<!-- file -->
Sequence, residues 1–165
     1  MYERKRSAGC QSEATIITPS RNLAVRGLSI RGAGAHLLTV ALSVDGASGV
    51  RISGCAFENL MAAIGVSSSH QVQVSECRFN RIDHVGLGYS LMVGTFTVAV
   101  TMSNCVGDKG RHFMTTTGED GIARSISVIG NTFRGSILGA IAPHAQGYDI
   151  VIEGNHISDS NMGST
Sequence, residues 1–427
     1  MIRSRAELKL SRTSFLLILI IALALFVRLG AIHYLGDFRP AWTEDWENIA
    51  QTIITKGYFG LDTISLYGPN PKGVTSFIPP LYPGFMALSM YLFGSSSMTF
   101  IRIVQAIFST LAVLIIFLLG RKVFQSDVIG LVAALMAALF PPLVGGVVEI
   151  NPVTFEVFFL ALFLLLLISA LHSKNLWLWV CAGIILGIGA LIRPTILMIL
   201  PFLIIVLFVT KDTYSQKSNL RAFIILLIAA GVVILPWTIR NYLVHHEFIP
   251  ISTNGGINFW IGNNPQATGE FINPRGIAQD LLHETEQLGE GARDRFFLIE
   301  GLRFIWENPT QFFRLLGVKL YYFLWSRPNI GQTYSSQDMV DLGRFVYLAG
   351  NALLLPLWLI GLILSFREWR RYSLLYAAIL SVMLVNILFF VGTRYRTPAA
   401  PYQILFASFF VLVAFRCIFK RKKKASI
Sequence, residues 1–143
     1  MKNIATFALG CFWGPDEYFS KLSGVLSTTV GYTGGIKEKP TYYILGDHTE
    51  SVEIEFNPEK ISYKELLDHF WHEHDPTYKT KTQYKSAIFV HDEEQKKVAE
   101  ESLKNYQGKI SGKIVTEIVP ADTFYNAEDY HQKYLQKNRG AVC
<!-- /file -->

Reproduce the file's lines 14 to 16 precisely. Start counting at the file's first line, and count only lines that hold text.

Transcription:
   351  NALLLPLWLI GLILSFREWR RYSLLYAAIL SVMLVNILFF VGTRYRTPAA
   401  PYQILFASFF VLVAFRCIFK RKKKASI
Sequence, residues 1–143